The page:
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Inshallah - The Arabic Word the West Needs

**Please realize that I am not Muslim, and do not speak for Muslims, nor am I attempting to do so. This is my experience and relationship as an atheist western woman with an inherently religious Arabic word. **



It is my personal experience and belief that we in the West would benefit from the daily reminder of a word like Inshallah. I have come to really love the word, even though I am not Muslim. Before I get into how we could benefit from using this word in our own conversations, let's look at its meaning and context.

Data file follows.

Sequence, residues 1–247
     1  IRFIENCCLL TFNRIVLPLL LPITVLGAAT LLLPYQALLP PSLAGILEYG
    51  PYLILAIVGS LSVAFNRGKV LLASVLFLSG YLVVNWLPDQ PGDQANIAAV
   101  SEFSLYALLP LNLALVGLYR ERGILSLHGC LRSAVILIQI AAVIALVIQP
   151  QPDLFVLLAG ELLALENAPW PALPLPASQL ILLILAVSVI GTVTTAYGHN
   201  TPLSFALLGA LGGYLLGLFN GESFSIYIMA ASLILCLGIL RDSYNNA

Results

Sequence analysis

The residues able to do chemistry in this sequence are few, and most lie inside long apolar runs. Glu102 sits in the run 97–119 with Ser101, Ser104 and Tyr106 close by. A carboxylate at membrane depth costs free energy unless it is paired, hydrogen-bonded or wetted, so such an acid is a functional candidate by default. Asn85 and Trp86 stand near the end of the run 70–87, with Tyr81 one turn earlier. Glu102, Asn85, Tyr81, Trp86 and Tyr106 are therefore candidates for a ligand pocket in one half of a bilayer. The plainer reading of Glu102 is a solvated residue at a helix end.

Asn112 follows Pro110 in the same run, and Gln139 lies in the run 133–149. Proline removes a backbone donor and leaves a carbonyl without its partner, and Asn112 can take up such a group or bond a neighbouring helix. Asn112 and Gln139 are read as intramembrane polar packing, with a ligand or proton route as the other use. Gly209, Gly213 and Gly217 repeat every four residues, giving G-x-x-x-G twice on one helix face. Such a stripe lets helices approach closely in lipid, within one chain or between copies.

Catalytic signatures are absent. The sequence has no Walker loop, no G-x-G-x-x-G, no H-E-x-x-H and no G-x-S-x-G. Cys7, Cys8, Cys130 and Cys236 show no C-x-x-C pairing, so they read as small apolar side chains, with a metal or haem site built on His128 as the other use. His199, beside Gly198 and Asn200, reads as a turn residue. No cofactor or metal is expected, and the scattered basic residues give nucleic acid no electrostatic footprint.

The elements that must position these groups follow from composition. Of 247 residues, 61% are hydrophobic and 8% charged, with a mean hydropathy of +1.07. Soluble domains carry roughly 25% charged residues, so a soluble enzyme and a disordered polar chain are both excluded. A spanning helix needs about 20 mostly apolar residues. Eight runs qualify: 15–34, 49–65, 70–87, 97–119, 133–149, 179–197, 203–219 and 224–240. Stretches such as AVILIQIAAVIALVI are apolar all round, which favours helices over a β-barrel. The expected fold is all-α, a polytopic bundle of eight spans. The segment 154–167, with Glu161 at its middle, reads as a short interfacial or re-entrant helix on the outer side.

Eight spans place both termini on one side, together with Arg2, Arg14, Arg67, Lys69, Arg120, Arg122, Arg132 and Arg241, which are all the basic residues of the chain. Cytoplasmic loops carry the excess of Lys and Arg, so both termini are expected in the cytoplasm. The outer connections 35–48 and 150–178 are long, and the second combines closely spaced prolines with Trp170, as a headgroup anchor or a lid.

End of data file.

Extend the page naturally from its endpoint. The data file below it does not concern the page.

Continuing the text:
Inshallah, translated literally, means 'God willing' or 'if God wills it.' It is meant to be used seriously, when you truly hope something will happen. An example of this use might be when speaking about a loved one who is ill.

In modern language, it is used in this way, as well as more liberally as punctuation and in jest. For example, if a child asks his parent if they can go to get ice cream, the parent might say inshallah (translation: probably not)

There are similar words in other languages. Spanish, for example has its own word that was borrowed from Inshallah- Ojal√°. In the formal sense, it means God willing, informally it means hopefully.

My relationship with this word did not begin as rosy as it is now. When I lived in UAE and Oman, I flip flopped between being pissed off and emboldened by it.